Arriving in the standing area of the Capital FM Arena on Tuesday, about half an hour before showtime, it certainly felt like we were in for a special night. This early, there weren’t many already settled but the space was slowly filling up as stagehands finished their work, everyone buzzing with excitement.
At 7:30 sharp, darkness fell as Ghostpoet and his band walked onto the stage. Admittedly, his set was a pleasant surprise. I’d heard a couple of his songs before and he, like Alt-J, didn’t seem to fit into any specific genre, a perfect accompaniment then to the upcoming main event. For sure, he was charismatic and seemed like an all-round decent guy and the set itself was a great opener with highlights being “Off Peak Dreams” and “Liiines”. Vocally, he was sound and was well supported by his band whose guitar and percussion brought an unexpected intensity as well as some elegant backing vocals from the keyboardist.
After about 45 minutes, the evening took more of a psychedelic turn with the Horrors taking their turn on stage. They definitely got the crowd going with a chaotic set, heavy with big synth melodies and flashing lights, but not quite as enjoyable as Ghostpoet’s. The vocals were occasionally weak, they weren’t as engaged with the crowd and the amount of lights did become irritating after a while. They very much did their job and left, despite some catchy rhythms such as “Mirror’s Image”.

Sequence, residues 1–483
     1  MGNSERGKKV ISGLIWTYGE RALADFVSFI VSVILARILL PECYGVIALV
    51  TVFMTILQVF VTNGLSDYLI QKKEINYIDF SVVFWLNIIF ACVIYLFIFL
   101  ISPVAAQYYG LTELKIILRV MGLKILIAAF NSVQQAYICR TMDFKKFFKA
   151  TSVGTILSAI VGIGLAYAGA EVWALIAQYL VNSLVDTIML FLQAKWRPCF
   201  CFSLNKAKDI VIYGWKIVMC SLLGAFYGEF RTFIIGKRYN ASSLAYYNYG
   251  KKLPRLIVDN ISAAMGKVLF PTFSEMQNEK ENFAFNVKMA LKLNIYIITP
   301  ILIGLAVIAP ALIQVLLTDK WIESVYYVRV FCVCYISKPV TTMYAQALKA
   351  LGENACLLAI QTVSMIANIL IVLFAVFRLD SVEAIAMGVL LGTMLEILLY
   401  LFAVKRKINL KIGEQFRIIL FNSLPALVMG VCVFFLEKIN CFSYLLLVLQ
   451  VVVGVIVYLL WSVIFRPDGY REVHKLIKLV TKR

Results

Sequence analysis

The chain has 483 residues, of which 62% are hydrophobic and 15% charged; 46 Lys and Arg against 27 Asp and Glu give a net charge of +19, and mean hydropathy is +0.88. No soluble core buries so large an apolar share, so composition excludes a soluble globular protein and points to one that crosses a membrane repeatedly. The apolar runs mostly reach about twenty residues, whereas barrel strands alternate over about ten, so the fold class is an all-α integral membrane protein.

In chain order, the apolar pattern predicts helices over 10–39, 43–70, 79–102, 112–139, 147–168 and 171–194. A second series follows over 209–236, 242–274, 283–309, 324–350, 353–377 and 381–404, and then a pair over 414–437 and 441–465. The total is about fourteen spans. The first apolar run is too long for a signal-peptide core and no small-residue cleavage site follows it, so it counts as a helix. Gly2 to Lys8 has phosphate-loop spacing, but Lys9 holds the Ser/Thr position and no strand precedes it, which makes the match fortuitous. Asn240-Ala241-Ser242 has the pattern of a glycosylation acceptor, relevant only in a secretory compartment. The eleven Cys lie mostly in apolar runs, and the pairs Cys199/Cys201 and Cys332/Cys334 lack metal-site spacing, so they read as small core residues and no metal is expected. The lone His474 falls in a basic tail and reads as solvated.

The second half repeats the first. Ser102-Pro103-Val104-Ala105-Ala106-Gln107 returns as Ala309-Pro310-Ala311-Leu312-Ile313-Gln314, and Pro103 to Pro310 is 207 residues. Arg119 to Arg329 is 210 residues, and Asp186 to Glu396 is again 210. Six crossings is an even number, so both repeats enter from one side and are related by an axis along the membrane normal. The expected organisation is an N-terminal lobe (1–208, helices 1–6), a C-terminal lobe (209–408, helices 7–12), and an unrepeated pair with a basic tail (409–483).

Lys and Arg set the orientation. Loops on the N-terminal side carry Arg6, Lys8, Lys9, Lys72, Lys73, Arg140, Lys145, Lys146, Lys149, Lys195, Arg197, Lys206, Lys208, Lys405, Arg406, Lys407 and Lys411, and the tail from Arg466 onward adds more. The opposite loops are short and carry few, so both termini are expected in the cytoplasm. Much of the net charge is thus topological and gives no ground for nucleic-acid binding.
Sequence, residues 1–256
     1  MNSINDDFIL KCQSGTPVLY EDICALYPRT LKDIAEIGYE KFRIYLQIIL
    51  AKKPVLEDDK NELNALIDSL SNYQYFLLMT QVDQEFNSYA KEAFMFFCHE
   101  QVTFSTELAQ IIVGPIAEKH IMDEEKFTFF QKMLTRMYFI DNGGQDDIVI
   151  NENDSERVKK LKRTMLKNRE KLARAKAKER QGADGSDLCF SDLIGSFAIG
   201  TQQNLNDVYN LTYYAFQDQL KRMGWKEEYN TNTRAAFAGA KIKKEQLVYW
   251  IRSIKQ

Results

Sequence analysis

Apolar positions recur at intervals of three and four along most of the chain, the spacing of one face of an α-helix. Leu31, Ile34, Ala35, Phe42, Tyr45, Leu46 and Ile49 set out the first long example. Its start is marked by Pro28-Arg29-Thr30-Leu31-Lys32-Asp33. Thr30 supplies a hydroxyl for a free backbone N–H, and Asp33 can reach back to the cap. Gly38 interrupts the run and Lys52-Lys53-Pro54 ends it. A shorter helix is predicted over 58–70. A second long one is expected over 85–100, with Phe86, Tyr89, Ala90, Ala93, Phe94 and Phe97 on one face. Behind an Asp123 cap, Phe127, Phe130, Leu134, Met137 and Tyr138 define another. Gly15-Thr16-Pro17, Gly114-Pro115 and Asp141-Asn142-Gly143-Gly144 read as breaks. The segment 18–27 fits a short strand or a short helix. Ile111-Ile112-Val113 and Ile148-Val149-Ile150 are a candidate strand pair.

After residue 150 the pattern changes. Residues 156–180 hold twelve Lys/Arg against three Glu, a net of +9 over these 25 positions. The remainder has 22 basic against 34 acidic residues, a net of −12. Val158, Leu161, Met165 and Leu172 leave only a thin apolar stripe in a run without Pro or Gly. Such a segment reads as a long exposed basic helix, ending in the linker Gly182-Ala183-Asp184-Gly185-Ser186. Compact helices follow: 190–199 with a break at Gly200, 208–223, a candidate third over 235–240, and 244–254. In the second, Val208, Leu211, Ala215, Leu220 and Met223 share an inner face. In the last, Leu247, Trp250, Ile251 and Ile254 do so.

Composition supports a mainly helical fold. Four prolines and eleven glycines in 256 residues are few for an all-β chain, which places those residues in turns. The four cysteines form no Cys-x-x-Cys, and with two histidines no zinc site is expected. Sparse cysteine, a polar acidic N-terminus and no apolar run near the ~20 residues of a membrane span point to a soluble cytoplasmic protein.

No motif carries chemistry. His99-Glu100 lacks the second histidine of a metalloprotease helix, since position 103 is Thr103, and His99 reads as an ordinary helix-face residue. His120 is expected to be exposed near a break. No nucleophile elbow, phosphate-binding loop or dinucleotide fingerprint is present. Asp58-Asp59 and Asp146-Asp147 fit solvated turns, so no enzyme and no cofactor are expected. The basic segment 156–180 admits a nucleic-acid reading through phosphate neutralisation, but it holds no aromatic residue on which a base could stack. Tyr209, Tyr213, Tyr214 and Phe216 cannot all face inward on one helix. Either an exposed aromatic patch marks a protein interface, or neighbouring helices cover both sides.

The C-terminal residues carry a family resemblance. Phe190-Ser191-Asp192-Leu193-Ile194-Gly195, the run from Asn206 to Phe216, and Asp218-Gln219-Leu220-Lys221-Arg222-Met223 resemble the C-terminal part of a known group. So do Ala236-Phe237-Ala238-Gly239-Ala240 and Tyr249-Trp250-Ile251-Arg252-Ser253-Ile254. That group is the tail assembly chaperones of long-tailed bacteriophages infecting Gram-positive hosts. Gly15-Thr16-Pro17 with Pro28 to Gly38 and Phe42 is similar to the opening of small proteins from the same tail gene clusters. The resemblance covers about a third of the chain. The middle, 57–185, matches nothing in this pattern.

At this point it was now two hours since we’d arrived and just like everyone else, we were ready for what everyone was really here for. Up till now, the atmosphere had been pretty chilled, there were slightly muted cheers and applause after each of the supporting acts’ songs but a few people didn’t seem that interested at all. However, the very second the lights went down at 9:30, the full attention of the audience was on the four guys stepping out into the spotlights. As the familiar sound of the “This is All Yours” ‘Intro’ rang out, there were immediate raucous cheers. What followed was an outstanding 20-song show; no messing around with massive gaps between each song, just one after the other, flowing together perfectly. The atmosphere didn’t let up once, every song received massive cheers and hearty singalongs even the “Ripe and Ruin” interlude from “An Awesome Wave”, so it’s impossible really to pick a highlight. It definitely seemed like tracks with quieter instrumentals like ‘Bloodflood’, ‘Hunger of the Pine’, or ‘Something Good’ also benefitted greatly from a live atmosphere and a gutsier guitar sound because these sounded even better than on their respective studio versions. Only ‘Warm Foothills’ felt like it missed it the extra voice of Lianne la Havas or the rich twinkling instrumentals of the chorus, maybe just because it’s hard to replicate such an unique sound live.
Regardless, this was a fantastic gig, finished off with people flailing about in a vague attempt at a moshpit to the unmistakeable chorus of Fitzpleasure’, what more could you ask for? After an brief encore of the smouldering ‘Hunger of the Pine’, gorgeous ‘Warm Foothills’ and ‘Taro’; Joe, Gus, Thom and Cameron said goodbye and thank you to Nottingham, playing us out to, of course, ‘Breezeblocks’. One final round of cheers and singing and it was over, leaving us with only Rick Astley’s “Never Going to Give You Up” playing over the speakers, almost as if to mock us that it a great night was well and truly done.